@Ayende,

I think Silverlight is a solid choice for the rich experience and sheer ease of development, not to mention that as a Windows Phone 7 developer you could easily write a WP7 app to remotely manage a RavenDB for emergencies or monitor it from your phone if you need such a thing which I think would be pretty cool and could leverage much of your existing UI if you went with Silverlight for this...

Just some thoughts!

Ayende Rahien
10/12/2010 03:34 PM by
Ayende Rahien

Jakub,

I am talking about the admin interface. I am willing to have you open that one up directly, rather than via a browser.

And I think that you missed the part where I said that it is possible in JS, just too expensive.

Jakub
10/12/2010 03:39 PM by
Jakub

@Eric

If we are planning on creating separate project for WP7 and leveraging existing code for Raven UI why not create it all on HTML/JS and have all devices covered up front without the need of maintaining separate codebasis.... just a thought....

Ayende Rahien
10/12/2010 03:41 PM by
Ayende Rahien

Jakub,

Because it is going to cost more.

And because I find that it is easier to work with SL than JS.

Jakub
10/12/2010 03:47 PM by
Jakub

I absolutely agree that cost of development and complexity of the project will be higher... the benefits of HTML/JS reach will outweigh these tenfold...

Ayende Rahien
10/12/2010 04:10 PM by
Ayende Rahien

Jakub,

We already have a HTML/JS interface. You are more than welcome to spice it up properly.

But since it is very easy to spend other people money, I think that I'll stick with the original plan.

Ayende Rahien
10/12/2010 04:12 PM by
Ayende Rahien

Yitzchok,

That isn't really what I have in mind.

Jakub
10/12/2010 04:42 PM by
Jakub

So current UI will not be deprecated event in the instance of braking changes? I have used it once or twice through my phone already... not a great experience but doable...

Eric
10/12/2010 04:46 PM by
Eric

@Ayende,

I have gone through this route with clients before and the HTML/JS route sounds really great on paper but in reality its really not all that flexible. You have to have various branching statements in the code to detect what mobile device, use these images, or use this css, you will have up to 12 different CSS files that you are maintaining for a dozen or so devices, one for iPhone one for iPad, for WP7 for Blackberry, etc. and then you need to support each type of browser, if they are using Android with Opera v10.1 or whatever, 10.2 then you need to take that into account. If you use Silverlight you don't need to deal with ANY of that! Also you have a native WP7 application, if you want to support the iPhone you could develop a native iPhone app and IMO this is still more cost effective because the codebase for those apps do not change often, and they are extremely small and easy to maintain, while your web apps code base would change very often and would grow to be very large and get hard to maintain.

Those are some compelling reasons IMO! You can agree with me or not but I have been there done that!

Jakub
10/12/2010 04:57 PM by
Jakub

@Eric

If taking HTML/JS route (which I'm assuming is off the table) I would not tailor the app to all the devices since new mobile browsers including WP7 can browse full blown site successfully... The only browser specific anomalies would be handled by jQuery and if the browser of your choice is not capable of handling the UI then maybe it's time to upgrade your browser. At least you have an option of changing the browser... when SL is not available on you device then you're SOL...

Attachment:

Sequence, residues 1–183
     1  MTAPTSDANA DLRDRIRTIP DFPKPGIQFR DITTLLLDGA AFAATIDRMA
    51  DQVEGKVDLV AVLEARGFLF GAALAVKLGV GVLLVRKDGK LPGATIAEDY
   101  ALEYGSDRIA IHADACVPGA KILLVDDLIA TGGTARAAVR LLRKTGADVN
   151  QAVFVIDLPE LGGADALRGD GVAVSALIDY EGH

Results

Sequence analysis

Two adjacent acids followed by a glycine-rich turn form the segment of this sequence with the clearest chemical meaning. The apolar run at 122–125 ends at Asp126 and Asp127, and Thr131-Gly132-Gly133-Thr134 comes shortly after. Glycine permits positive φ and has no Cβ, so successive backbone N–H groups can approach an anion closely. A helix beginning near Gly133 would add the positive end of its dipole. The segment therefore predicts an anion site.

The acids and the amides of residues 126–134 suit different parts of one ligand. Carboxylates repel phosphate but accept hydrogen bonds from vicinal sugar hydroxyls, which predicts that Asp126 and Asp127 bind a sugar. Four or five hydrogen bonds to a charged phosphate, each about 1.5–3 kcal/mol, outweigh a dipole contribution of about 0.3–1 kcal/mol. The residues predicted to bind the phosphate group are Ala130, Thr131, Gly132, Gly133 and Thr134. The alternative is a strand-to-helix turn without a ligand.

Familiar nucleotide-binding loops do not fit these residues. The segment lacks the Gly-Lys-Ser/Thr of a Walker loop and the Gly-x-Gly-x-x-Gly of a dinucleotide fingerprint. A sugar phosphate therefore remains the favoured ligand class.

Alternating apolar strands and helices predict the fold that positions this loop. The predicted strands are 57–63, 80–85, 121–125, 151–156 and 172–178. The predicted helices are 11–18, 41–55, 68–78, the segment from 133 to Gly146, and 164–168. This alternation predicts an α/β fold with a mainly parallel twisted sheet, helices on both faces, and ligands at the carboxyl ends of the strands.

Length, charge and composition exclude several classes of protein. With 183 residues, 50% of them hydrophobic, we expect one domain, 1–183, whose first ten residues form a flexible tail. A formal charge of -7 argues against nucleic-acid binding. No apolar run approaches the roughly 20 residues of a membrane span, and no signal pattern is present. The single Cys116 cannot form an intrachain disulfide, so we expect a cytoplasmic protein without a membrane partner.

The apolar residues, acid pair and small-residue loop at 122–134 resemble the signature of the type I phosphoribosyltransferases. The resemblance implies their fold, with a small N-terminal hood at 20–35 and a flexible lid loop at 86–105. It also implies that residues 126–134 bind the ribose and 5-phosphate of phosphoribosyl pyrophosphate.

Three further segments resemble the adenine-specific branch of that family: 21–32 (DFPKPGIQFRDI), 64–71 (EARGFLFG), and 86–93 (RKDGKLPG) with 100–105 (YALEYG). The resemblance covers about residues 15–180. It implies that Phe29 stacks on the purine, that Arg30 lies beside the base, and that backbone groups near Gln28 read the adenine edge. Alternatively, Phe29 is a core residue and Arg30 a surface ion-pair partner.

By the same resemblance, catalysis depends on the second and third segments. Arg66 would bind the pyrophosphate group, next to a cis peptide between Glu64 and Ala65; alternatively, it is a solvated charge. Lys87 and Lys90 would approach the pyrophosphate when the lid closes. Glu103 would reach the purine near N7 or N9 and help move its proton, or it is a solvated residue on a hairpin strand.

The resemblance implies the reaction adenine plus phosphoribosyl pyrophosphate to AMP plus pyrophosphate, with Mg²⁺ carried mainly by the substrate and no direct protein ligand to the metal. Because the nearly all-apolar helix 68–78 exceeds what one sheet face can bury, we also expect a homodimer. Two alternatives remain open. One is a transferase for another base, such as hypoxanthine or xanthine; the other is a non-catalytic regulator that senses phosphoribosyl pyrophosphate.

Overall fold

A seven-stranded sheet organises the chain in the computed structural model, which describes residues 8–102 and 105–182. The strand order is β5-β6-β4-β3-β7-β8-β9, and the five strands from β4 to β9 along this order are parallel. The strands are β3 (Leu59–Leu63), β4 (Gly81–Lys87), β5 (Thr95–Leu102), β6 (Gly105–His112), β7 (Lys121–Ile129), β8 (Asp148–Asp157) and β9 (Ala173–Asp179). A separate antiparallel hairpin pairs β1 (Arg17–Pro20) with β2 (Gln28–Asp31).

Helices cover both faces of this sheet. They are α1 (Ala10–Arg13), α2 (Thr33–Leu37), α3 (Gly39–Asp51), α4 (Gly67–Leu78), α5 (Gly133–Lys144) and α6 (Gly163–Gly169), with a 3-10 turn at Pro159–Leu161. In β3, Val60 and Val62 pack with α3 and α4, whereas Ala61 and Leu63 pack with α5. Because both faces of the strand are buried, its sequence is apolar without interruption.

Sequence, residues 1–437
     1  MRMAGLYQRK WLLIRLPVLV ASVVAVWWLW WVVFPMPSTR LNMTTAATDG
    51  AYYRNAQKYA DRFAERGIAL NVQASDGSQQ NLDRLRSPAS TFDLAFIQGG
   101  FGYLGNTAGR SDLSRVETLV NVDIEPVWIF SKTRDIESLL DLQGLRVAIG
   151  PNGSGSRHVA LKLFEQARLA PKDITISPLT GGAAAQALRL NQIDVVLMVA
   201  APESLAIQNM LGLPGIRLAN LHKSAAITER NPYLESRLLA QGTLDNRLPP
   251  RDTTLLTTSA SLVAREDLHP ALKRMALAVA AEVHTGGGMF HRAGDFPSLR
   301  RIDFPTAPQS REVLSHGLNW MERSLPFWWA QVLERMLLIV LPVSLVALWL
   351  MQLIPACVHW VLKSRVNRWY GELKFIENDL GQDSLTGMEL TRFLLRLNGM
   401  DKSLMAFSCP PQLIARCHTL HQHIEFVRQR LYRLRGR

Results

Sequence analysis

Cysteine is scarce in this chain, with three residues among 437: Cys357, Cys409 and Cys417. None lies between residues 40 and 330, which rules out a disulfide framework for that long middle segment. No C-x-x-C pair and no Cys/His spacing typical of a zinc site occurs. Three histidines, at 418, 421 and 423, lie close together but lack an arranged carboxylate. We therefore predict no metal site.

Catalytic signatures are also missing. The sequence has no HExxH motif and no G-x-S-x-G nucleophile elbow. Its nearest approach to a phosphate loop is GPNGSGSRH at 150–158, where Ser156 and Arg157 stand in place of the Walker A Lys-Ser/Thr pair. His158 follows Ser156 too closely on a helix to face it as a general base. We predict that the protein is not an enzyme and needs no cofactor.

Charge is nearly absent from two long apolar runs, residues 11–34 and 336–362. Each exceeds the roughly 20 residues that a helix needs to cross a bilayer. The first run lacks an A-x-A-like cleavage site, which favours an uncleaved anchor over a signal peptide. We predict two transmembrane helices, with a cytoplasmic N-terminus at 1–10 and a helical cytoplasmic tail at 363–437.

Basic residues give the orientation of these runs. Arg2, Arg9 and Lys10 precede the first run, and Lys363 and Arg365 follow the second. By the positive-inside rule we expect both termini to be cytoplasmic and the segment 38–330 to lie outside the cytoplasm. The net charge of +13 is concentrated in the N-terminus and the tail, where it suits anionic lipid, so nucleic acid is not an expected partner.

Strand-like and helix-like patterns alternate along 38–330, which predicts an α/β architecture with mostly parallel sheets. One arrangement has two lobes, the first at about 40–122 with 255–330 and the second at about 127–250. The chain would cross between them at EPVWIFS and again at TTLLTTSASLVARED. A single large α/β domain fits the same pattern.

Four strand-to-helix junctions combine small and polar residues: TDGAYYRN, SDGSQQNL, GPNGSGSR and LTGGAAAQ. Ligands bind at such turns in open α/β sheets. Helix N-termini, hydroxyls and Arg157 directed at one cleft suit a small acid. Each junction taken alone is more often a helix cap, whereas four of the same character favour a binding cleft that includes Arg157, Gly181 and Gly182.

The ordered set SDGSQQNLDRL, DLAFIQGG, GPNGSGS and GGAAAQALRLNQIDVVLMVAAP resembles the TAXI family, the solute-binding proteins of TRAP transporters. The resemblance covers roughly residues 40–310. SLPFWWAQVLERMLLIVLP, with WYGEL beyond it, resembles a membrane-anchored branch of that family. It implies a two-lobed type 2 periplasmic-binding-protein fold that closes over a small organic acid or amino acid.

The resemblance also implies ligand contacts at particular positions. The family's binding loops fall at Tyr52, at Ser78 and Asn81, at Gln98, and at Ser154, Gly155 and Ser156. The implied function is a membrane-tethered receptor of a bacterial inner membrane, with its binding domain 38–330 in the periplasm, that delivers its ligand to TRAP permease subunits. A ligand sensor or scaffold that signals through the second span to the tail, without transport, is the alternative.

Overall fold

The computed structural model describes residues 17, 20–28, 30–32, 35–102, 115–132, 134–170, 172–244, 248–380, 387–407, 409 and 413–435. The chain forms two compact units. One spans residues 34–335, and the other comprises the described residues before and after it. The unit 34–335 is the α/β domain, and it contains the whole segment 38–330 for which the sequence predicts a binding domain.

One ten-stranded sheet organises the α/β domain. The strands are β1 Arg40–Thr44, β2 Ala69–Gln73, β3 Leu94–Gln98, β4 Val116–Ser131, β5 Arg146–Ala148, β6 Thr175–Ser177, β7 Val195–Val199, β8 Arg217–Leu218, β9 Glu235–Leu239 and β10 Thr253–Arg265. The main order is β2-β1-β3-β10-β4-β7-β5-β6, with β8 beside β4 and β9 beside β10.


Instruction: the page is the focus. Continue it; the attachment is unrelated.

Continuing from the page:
Demis Bellot
10/12/2010 11:09 PM by
Demis Bellot

@Eric

CSS files that you are maintaining for a dozen or so devices, one for iPhone one for iPad, for WP7 for Blackberry, etc. and then you need to support each type of browser, if they are using Android with Opera v10.1 or whatever, 10.2 then you need to take that into account. If you use Silverlight you don't need to deal with ANY of that!

Man that is a whole lot of crap to fit in one sentence. I hope you even know yourself that Silverlight only runs on one of the devices you've mentioned, which has less than <1% of the total mobile browser market share. And all this crap about Opera (which is actually a very good compliant browser) where Silverlight isn't even officially supported.

I don't know how long its been since you've written anything for the web but I haven't had to do any branching statements for desktop browsers in years. Write compliant code and use a well-tested framework like jQuery, Closure Library, ExtJs, Dojo, whatever - they all have good support across browsers.

if you want to support the iPhone you could develop a native iPhone app and IMO this is still more cost effective because the codebase for those apps do not change often, and they are extremely small and easy to maintain, while your web apps code base would change very often and would grow to be very large and get hard to maintain.

Wow this crap just keeps on flowing - it's almost too hard to read. Are you actually seriously advocating to build native apps for each mobile platform because its somehow more cost effective?? Like with different programming languages and UI toolkits??

I'm seriously concerned how someone can think that. Do yourself a favour checkout PhoneGap / SenchaTouch or jQTouch and see how easy is to support multiple mobile platforms with a single codebase.

Demis Bellot
10/12/2010 11:20 PM by
Demis Bellot

@Ayende

Even though I'm generally pro-web, I actually think that building a RavenDB app is probably better done with Silvelight. It generally goes without saying - You're target audience will be .NET developers and most likely accessed within a controlled Intranet environment so you wont be penalized by Silverlight's market-share. It will also likely be an edit-heavy data-driven / binded app which Silverlight excels at. You'll also be able to re-use a significant amount of your client library .NET code and tests - so its pretty much a no-brainer.